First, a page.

To assemble the dress, you begin by sewing the sides together. Unfold the dress
so that it looks like a T, and pin the sides from the opening at the wrists down
to the knees. Finish the seams, and press them open. I used my serger; it makes
a really nice finished edge!
Repeat the process with the second piece of fabric, so you have two identical dresses.
One version will be the outer layer of the dress, and the other will become the
dress lining. Sew the two dresses to identical proportions; no size adjustment is
necessary. Yes, they look quite big at this point... but have you noticed how baggy
Leiaís dress was around her torso? Theyíre supposed to be that way!
I highly recommend sewing a line of stay stitching around the neckline of both the
dress and the lining at this point. I found as I worked on my dress (and tried it
on multiple times) that the fabric started to unravel and stretch a bit around the
neckline. I immediately sewed a line of stay stitching around each neckline at that
point, but I could have avoided the problem if I had put in the stitches from the
start. A simple row of stitches around each curve can make a big difference!
When the seams for both dresses are finished, turn one of them inside out. If you
have a dress form (which I highly recommend), place one dress inside out on the form.
This will be the lining layer, so the seam allowances are pointing away from your
skin. Next, put the second copy of the dress over the top of the lining. This time,
it goes on the dress form right side out. Now, the two dresses both have their seam
allowances touching in between them, and when the dress is finished none of the allowances
will be visible from the outside.
Next comes the mindboggling part. The two dresses have to be sewn together at the
sleeves, the side slits, and the keyhole opening. The trick to this is sewing it
so that the seam allowances are on the inside. I spent hours working on this part
of the project, pinning and repinning and threatening to throw the whole deal out
the window.... but eventually I got it all figured out, and Iím very happy with
the results. Sometimes it comes in handy to be stubborn!
It didnít seem to matter where I started, so I began with the sleeves. With the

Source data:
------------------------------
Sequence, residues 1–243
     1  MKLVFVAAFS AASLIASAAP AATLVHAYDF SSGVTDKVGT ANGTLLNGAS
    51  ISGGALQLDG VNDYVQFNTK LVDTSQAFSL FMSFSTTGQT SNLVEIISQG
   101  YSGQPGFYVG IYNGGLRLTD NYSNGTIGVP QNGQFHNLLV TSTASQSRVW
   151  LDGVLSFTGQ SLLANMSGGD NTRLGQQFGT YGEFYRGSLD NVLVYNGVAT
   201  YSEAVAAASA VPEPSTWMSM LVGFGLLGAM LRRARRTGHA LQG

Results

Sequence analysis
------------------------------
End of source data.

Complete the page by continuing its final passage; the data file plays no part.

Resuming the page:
dress still hanging on my dress form, I chose a sleeve and turned the hems of both
layers to the inside, the way a finished seam would look. I pinned the two layers
together as I worked slowly around the circumference of the sleeve. The pins were
on the outside, however, so once I had everything laying neatly together. I had to
turn the sleeve inside out so that I could repin it correctly. I carefully pulled
both dresses off of the dress form, reached up inside the two layers of the sleeve
from the bottom of the dress, and took hold of the pinned hem. Pulling the sleeve
inside out without catching the pins on anything took slow and careful work, but
it was possible. Keep in mind that there is a LOT of fabric in those two dresses,
and it all looks alike, so you have to keep hold of that hem when youíre pulling
it through. A few times while I was working on the dress I completely lost track
of what piece went where. I had to turn everything right side out and reorganize
the dress before I could continue!
Once the sleeves were pulled inside out, I removed the pins from the outside by pulling
them through the gap between the two layers of fabric, and I replaced them on the
inside so that I had a nicely pinned hem all ready to be sewn.
Donít you wish I had a picture to show you what Iím talking about right now? Me,
I sewed the dress and lining sleeves together as if they were a normal seam, but
I tried it with a basting stitch first to make sure it would work. I then turned
the dress all right side out again, and breathed a huge sigh of relief when I had
a properly sewn sleeve with no visible hem. Whew! So, I turned the sleeve inside
out again, serged the seam, pressed it, and turned it back yet again. Then the dress
went back onto the dress form, and I repeated the process with the other sleeve.
My next task was the keyhole opening at the back of the neck.
The first time I stood behind a costumer with a Leia dress on, I noticed the length
of the keyhole opening in the back of her dress and I thought, ďItís a shame that
hole is so big. It looks distracting and unprofessional to have such a large area
of her back showing.Ē And then later on I saw a picture of the back of Carrieís
dress, and sure enough there really is supposed to be a big keyhole opening! The
keyhole on Leiaís dress goes down to her mid-back, about the same height as her armpits.
The fan dress I saw had been accurate.
I cut the slit on the back of my dress to 13 cm. It isnít as large an opening as
Leiaís, but itís large enough to get my head through when I donít have the buns on.
(I put them on after Iím dressed.)
Once again I turned the seam allowances of the dress and the lining to the inside
and pinned them together. Then I turned the dress inside out from the bottom so
that the keyhole seam allowances were on the outside. I repined the keyhole, making
sure that everything lined up well, and then I sewed the two layers of fabric together
with a basting stitch. It took me a couple tries to get this seam right, since I
wasnít sure of how to sew the end of the keyhole, but once I had it figured out I
sewed the two layers together properly and then sewed a line of reinforcement stitching
near the bottom of the keyhole, just to be safe. I couldnít use the serger for this
part, so it was all sewn with my standard sewing machine. When I turned the dress
back to right side out the keyhole puckered a little bit, but a light touch with
the iron solved that problem. I doubt that I did this part correctly, but Iíve never
sewn a keyhole opening before so I had to make things up as I went along!
The next step was to sew together the slits on the sides of the dress. With the